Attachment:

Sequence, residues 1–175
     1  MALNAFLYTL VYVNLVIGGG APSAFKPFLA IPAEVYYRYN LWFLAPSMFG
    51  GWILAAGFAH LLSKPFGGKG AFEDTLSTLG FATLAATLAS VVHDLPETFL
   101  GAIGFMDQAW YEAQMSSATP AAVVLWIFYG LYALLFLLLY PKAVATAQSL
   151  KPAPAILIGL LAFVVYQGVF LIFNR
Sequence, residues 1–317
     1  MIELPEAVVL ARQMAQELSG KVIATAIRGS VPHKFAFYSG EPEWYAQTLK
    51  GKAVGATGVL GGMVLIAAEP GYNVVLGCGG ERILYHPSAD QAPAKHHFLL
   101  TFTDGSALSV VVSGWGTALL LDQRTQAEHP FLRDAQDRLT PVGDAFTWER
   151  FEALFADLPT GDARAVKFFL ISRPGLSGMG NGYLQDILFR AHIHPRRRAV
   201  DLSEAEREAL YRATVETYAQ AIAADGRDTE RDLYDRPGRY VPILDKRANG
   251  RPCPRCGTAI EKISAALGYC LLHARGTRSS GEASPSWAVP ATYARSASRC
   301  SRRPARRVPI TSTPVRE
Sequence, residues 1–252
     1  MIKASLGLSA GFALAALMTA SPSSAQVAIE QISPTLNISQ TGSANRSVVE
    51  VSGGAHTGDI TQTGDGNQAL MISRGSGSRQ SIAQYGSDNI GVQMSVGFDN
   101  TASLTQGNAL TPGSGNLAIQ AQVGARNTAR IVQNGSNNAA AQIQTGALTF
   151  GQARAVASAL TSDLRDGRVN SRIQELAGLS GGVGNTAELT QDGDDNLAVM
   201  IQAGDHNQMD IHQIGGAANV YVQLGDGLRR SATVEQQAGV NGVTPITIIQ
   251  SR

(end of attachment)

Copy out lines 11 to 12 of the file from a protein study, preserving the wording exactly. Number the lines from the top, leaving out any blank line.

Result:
   201  DLSEAEREAL YRATVETYAQ AIAADGRDTE RDLYDRPGRY VPILDKRANG
   251  RPCPRCGTAI EKISAALGYC LLHARGTRSS GEASPSWAVP ATYARSASRC